1 person likes this
@TheHorse (65833)
• Pleasant Hill, California
25 Dec 16
Did you like being called "boss"? I still can't adjust to it.
• Eugene, Oregon
25 Dec 16
@TheHorse No, it would bother me too.
1 person likes this
@TheHorse (65833)
• Pleasant Hill, California
25 Dec 16
@JamesHxstatic Even "dude" or "bro" are OK with me. I've never been to Hawaii, so "bra" might scare me, or make me think I'm about to be taken into custody by Dog the Bounty Hunter.
1 person likes this
@STOUTjodee (3440)
• United States
17 Dec 16
I'm never heard that one, other than when I was a "BOSS." The term of endearment I don't like is being called "Dude" when I'm clearly NOT a "dude!"
1 person likes this
@TheHorse (65833)
• Pleasant Hill, California
17 Dec 16
Dude. Hmm. Depends on the situation, I think. But I wouldn't use it to address a female. Unless it was one I knew really well and she knew I was joking.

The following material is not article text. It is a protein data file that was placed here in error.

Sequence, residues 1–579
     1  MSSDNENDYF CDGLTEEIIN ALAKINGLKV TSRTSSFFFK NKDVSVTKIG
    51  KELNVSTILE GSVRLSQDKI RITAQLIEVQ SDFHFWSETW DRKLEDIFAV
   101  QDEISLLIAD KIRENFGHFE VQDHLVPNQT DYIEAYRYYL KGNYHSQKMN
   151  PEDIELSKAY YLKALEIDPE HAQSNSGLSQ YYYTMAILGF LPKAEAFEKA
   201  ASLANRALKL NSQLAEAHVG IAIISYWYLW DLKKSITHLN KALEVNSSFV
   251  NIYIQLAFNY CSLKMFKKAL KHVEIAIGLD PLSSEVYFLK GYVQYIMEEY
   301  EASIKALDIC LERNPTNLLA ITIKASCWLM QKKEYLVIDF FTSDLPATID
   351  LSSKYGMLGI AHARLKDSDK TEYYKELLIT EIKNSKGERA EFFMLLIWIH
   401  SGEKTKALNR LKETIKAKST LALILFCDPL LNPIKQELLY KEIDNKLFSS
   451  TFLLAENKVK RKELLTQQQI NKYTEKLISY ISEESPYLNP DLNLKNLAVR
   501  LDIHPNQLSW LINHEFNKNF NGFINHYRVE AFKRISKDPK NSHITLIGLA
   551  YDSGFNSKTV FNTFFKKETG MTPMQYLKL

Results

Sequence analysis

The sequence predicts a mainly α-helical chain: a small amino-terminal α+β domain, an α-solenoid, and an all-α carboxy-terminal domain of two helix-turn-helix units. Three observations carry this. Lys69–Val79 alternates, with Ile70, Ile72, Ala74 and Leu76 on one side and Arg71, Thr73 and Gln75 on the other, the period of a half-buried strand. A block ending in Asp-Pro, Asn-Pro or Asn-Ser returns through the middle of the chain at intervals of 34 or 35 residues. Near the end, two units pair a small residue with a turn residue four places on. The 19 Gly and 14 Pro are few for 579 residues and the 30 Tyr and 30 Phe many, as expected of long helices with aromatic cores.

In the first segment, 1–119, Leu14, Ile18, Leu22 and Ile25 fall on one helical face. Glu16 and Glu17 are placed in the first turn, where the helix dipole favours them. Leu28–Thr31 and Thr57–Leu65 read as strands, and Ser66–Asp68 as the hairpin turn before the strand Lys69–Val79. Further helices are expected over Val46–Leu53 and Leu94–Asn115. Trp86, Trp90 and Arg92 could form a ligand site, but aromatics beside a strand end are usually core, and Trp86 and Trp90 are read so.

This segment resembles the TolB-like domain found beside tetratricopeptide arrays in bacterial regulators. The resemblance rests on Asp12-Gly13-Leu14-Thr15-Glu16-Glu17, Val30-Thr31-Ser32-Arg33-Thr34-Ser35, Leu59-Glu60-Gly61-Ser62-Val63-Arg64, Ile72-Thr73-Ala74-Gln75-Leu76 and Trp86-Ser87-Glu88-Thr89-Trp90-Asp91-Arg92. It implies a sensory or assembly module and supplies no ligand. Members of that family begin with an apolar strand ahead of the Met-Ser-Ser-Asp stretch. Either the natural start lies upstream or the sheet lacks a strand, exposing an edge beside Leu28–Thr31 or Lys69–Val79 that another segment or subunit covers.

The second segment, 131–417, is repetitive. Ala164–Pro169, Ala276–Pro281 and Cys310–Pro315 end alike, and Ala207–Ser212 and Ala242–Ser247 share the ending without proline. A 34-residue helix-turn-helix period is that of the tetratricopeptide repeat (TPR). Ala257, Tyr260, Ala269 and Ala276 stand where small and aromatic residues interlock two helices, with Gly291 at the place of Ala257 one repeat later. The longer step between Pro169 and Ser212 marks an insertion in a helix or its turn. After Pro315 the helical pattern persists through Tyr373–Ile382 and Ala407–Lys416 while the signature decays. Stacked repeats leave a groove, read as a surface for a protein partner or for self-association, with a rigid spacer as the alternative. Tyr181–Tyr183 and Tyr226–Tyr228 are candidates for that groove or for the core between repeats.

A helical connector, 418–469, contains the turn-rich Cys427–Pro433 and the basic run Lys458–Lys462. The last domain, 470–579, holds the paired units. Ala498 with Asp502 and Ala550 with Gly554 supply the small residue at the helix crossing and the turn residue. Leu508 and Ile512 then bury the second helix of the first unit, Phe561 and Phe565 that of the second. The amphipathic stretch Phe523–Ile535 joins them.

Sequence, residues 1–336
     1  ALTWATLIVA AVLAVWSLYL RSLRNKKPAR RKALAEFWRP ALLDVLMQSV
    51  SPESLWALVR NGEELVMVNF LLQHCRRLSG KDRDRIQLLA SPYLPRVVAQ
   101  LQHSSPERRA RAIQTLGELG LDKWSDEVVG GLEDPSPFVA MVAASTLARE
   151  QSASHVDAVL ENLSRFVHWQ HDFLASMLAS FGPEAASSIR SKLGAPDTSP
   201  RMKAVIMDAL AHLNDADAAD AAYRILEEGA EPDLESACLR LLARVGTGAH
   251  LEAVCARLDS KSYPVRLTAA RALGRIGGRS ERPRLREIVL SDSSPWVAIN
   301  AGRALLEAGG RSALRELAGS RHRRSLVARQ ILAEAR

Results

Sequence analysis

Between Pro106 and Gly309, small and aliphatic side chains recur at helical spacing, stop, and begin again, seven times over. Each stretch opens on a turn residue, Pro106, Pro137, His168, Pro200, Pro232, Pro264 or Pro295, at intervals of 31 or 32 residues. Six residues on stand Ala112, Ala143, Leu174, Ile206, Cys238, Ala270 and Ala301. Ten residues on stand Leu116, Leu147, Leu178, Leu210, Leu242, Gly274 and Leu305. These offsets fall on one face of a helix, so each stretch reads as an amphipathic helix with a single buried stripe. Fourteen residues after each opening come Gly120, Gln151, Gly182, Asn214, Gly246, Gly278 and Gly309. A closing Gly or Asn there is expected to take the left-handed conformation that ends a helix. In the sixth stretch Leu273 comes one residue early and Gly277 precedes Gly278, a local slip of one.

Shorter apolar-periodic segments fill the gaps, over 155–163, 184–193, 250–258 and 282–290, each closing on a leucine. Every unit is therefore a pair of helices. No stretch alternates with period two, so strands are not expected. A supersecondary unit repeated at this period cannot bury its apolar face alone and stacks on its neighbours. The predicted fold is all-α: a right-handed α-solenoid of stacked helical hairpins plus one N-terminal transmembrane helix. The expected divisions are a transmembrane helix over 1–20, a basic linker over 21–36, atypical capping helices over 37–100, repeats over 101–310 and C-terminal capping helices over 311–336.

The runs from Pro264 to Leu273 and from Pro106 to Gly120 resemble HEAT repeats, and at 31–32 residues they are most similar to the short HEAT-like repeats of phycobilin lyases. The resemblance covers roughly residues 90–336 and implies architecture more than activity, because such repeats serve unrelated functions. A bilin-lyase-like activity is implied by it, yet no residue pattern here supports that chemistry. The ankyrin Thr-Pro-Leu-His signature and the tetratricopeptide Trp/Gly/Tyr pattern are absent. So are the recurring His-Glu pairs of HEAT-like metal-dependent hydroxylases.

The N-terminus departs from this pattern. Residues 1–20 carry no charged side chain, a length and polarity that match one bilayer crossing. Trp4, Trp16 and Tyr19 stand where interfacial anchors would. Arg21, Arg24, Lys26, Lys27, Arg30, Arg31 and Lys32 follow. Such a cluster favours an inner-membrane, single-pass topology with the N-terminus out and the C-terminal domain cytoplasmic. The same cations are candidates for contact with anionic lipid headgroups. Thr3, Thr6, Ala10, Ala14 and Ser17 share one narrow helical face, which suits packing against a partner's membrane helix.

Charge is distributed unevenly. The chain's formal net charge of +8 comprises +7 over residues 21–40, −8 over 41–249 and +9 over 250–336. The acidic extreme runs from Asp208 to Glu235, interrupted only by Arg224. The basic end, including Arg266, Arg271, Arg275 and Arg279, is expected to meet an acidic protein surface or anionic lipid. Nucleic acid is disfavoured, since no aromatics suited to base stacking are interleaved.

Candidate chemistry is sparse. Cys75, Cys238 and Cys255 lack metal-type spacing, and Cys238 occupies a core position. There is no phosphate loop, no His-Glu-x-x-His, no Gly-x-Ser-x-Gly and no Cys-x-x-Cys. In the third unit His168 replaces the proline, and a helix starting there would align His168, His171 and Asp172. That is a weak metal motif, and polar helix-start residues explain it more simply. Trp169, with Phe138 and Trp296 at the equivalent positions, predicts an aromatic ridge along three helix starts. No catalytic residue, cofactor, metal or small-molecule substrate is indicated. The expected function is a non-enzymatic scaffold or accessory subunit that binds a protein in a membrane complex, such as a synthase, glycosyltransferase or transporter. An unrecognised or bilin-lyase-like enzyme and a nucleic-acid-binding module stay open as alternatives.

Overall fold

1 person likes this
• Ponce De Leon, Florida
17 Dec 16
that must be an age thing, because i have no issue s being called dude, even though i rarely call anyone else dude, unless weve been drinking or im just being really silly
3 people like this
• Ponce De Leon, Florida
17 Dec 16
Yeah it gets said a lot here, usually by construction workers, or places where the workforce is majority of males.I hate beng called m'am.
1 person likes this
@TheHorse (65833)
• Pleasant Hill, California
17 Dec 16
Ah, so I'm not the only one who has noticed the "boss" thing.
1 person likes this
• Ponce De Leon, Florida
17 Dec 16
@TheHorse nope, it is common. also when i worked at a rehab it was often used by the patients. so i dont know if its a street thing too, or what
1 person likes this
@TheHorse (65833)
• Pleasant Hill, California
17 Dec 16
@thislittlepennyearns Maybe it has a street element to it. I've been "outa Oakland" for about four years.
1 person likes this
@valmnz (12758)
• New Zealand
18 Dec 16